You may know about our trig pillars, but did you know that there are more nostalgic reminders of how we used to map Great Britain?
Have you ever seen one of these while you’ve been out and about? If so, it is highly likely you have spotted one of our renowned benchmarks. 2018 marks 25 years since the last traditionally-cut arrow style benchmark was carved on a milestone located outside The Fountain pub in Loughton.
Every year millions of Brits pack up their camping gear, wave goodbye to the shower for a few days and head out into the great outdoors. But while they’re not going hiking in the wilderness, it doesn’t mean that things aren’t about to get wild.
You guessed it – we are, of course, talking about the many great British music festivals which take place predominantly in the summertime. In this article we’re going to take a quick look through some of the largest and most acclaimed festivals, as well as some you might not have heard of, before also breaking down some of the essential camping items you’ll need when you’re there.
Visitors to South Wales have long held the historic county of Glamorgan in high regard. Twinning the urban centres of Cardiff and Swansea with the world-famous green, green grass of rural Wales, there is certainly plenty on offer. So what exactly should visitors to this famed part of the world do on their breaks?
When you consider the quintessential British summer, it probably involves garden parties, canapés and…bog snorkelling?
No, you haven’t misread. Britain is home to some weird and wonderful sports over the summer months and offers some interesting alternatives to traditional summer sports and activities, like tennis and cricket.
Fancy trying something new this year?
We’re lucky in Britain that our seasons are so wonderfully defined; each one quite distinct from its predecessor due to the colour of the leaves on the trees, the abundance of native flowers and the low-lying mist on the ground. It would be difficult to choose a favourite season, even the tumultuous grey skies of late autumn, the withering heat of summer and the frozen ground of mid-winter have their charms – but there’s something about spring; this awakening of nature after its sleepy hibernation and regeneration of flora and fauna.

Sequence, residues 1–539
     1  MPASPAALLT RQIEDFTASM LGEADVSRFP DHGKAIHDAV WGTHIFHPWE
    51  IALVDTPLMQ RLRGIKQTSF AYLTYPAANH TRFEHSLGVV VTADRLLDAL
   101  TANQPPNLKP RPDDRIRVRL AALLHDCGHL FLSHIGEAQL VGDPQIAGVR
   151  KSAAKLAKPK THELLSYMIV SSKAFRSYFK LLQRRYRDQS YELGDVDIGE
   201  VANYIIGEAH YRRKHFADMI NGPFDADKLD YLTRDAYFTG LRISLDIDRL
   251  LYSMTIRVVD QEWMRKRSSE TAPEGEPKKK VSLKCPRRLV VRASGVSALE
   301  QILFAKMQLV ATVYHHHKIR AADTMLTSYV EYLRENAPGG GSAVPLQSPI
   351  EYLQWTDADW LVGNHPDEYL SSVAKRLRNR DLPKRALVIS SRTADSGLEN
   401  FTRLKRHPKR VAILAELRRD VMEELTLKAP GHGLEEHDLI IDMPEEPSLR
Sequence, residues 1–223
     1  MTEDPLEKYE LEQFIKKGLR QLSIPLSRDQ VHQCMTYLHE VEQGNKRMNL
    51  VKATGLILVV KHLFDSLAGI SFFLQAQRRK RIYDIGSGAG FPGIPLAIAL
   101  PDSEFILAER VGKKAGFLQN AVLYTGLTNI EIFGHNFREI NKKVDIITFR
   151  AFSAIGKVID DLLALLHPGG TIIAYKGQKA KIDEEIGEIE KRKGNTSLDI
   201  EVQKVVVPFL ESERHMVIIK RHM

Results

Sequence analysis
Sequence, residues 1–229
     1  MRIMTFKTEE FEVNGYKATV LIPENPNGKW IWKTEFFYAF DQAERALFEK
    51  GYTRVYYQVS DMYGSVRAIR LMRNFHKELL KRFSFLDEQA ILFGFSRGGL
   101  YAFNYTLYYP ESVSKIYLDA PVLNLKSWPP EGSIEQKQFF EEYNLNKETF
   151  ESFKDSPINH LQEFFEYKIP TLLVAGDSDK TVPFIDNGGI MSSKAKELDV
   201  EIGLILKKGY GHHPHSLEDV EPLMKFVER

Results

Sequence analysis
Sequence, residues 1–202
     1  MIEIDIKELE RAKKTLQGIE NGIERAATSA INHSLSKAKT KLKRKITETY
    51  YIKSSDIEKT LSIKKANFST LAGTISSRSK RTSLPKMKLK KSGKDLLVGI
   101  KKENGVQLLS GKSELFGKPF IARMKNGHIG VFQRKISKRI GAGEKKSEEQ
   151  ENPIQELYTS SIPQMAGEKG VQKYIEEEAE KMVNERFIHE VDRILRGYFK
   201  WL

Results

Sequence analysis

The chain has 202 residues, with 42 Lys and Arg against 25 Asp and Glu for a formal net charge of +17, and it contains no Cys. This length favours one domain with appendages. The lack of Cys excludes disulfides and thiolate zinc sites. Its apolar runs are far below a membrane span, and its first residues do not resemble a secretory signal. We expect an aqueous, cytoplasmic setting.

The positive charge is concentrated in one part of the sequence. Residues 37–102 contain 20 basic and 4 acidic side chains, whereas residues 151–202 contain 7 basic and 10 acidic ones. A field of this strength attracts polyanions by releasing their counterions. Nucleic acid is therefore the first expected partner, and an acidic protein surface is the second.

Following the government’s recent announcements around investing in roads and infrastructure across Britain, we decided to take a dip into our database and investigate some of the 450 million features in there. We make over 10,000 changes a day to the geographic database of Great Britain and are already looking forward to capturing the details of any new roads, as well as changes to existing ones.
Take a look at some of the figures we’ve pulled out from our database.
Our video shows Britain’s road network too:
Question 1: In which city is the Great Central Railway, the only place in the world where you can see full-size steam engines passing each other, located?
One of the most common questions we are asked in Ordnance Survey’s Press Office is ‘where is the geographic centre of Britain?’ Most recently, the BBC got in contact with us, framing their article around the question of Scottish Independence and the effect that would have on the centre of Great Britain. The question continues to bubble up as it always has been a contentious issue with many differing views on locations – and even how you define the centre, define Great Britain, and how you measure it.
As you’ll see in the BBC article, the town of Haltwhistle in Northumberland proudly proclaims itself to be the centre of Great Britain as it is mid-way along the mainland’s longest line of longitude; and there is a stone cross in Meriden, near Coventry, claiming to be the geographical centre of England. Some people claim the point farthest from the sea must be the centre (a spot just east of Church Flatts Farm, about a mile south-east of Coton-in-the-Elms, Derbyshire), but others don’t think this can accurately be called the centre…so, where is the centre of Great Britain?
We read an article recently about all of the different words we use across Great Britain to talk about the humble bread roll. While bread roll is probably the most common term these days, the fact that we’re using it, could well mark us out as coming from the south of England. And we do, we’re based down in Southampton, at Ordnance Survey’s Explorer House head office. As well as being called a bread roll, others across Britain know it as the barm cake, bap, stottie or cob.
This wide range of names got us thinking about other terms that have regional variations. The English language is so rich, and there are a surprising number of dialects for such a condensed area as Great Britain. We came up with a range of words for which we could identify regional variations and set about adding them to a map.
British Food Fortnight kicked off on 21 September, so we thought we’d join in the festivities with a British food map. There are many British foods that are associated with places around Great Britain – such as Caerphilly and Red Leicester cheeses or Cornish pasties and Lincolnshire sausages.
We decided to use OS OpenSpace, our free service allowing users to embed maps into web pages, to capture some of the foods and drinks that have names associated with places in Great Britain. You can see a preview of the map below or see it in full screen on our website: